This was written at Write Club, 28th Apr 2018, based on prompts given by Ranjan. For a better understanding of the context, please go through https://writeclubbangalore.com/session-material/combat-basics-of-writing-ranjan/
This is not a complete story, although it could be read as one (if you are willing to leave everything else to your imagination) 🙂
Enjoy, and as always, do let me know how you find it.
The Boar’s Arms
The bell above the door jangled.
The inn-keeper looked up from the pewter mug he was polishing, his hope of one more sale fading as he took in the sight of the visitor. Mice his cat dragged into the living room had looked better, more… alive, he supposed. He set the mug down carefully, his eyes never leaving the figure as it trudged to a dark corner of the Boar’s Arms and sat down heavily. The inn-keeper heard a noise as a seat was occupied; he did not know whether it was the man or the chair that had groaned.
The man looked up, meeting his host’s eyes for the first time.
“What’ve you got for silver?” he mumbled. The rumble echoed around the nearly-empty Arms.
The inn-keeper hesitated, but only for a second. Trouble was trouble, he knew. Then again, silver was silver. You don’t turn down silver when there’s precious little to be had.
“If it’s drink ye want,” the inn-keeper said, trying to match the low rumble of his visitor, immediately ashamed that his voice came across as faint, almost timid, “It’ll buy ye more’n ye can hold. If it’s a roof, ye get a night.”
“Make it a drink and the night,” the man said, closing his eyes, speaking as if he were already elsewhere.
The inn-keeper shrugged. It was still a decent bargain as far as he was concerned, although he knew he would have to demand the payment in advance. Too many times had he been stiffed by guests who forgot the promises of the night before; too many times had he simply stood there, taking it, because he had too much to lose to do anything else.
Nothing else was said in the Arms as the inn-keeper drew a mug of the foulest brew he kept for guests he wanted to discourage from further patronage. He dropped the towel on his forearm, picked up the pitcher and made his way over the dusty, creaking floor of the Boar’s Arms.
A few feet away from the visitor, he sensed dark patches under his feet. Gingerly, he stepped aside and tried to make out through the gloom what these were. Clueless, he pressed a smear with the toes of a foot; it soaked in through the hole in his sole, warm and thick. A moment later, he inhaled the unmistakably coppery stench of blood.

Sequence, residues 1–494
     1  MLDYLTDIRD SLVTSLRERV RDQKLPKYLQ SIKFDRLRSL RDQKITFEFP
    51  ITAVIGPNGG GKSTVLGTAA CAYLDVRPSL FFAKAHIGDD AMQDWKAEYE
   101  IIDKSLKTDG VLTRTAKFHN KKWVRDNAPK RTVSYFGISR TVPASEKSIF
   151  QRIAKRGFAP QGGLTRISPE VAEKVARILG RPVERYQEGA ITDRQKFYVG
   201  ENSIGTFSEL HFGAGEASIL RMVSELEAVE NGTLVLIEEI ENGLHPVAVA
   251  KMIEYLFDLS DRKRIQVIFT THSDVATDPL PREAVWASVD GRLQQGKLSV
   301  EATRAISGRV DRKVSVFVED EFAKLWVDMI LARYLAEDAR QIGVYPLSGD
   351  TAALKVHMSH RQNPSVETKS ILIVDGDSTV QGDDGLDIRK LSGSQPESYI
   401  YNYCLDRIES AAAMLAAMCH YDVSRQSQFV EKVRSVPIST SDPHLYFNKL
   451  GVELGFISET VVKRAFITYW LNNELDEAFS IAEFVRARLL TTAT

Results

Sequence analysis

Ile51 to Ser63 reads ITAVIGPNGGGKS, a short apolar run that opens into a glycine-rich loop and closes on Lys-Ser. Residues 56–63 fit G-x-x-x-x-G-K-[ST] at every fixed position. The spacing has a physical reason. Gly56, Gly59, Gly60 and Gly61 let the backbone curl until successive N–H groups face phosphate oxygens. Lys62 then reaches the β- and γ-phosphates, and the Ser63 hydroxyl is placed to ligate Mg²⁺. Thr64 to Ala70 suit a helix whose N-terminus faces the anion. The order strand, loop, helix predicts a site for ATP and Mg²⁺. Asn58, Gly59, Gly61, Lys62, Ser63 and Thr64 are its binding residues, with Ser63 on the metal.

The man was bleeding.
Inside the Boar’s Arms.
What if he died?
Did he really have silver on him?
Thoughts whipped through his head, too fast and too worrying for him to want to actually acknowledge them. His body made its way over the guest on its own accord and his hands plopped the mug down unkindly, resenting the intrusion of blood and all that it insinuated, and resenting even more the need that drove the inn-keeper.
Up close, the inn-keeper realized that his guest was bigger than he had initially taken him to be. His face was bruised, a limb wrapped tightly in a dark piece of cloth that might or might not be bloodied. A hand massaged a thigh, its glove on the table in front of the guest, leather that had once been cared for, a proud possession now simply a necessary accessory. A wince flitted across the guest’s face and there was pain in his eyes.
The inn-keeper paused. The pain wasn’t physical, he sensed. It was something deeper, something far away, something whose depths he found himself shivering at the thought of.
Beside the man, the inn-keeper noticed, a scabbard was placed against the table. It was a thin sheath, the kind farmers who lived at the edge of the forest carried with them, cheap and made of whatever spares the women had lying about. It was the sword within that caused the breath to catch in his throat, though.
That evening, earlier in the day, the drunks at the Boar’s Arms had talked about nothing else.
That bewitched sword.
That accursed sword.
“You are…” the inn-keeper blurted out before he could stop himself.
He caught the glimpse of a wry expression flash on the visitor’s face. Or had it just been the flicker of the candle, a trick of the light, the game the fumes sometimes played on him? The man took a long, deep chug from the mug. The inn-keeper waited for the inevitable burst of irritation that the brew always drew; he was left waiting.
“Derik Sanstorme,” the guest said.
“Yer the one that took the leg off Sebastian,” the inn-keeper said.
“Aye,” the man said. There was neither pride nor sorrow, just the aridity of a statement of fact. “He wanted to stop me.”
“They said yer his friend.”
“Still am, I think. When this is all over…”
The inn-keeper’s curiosity was piqued, as was his elation at having something to tease his customers the next day with. But before he could pursue the matter, Derik Sanstorme grabbed his wrist. It felt like a vice. The inn-keeper grimaced, biting his tongue to keep from crying out.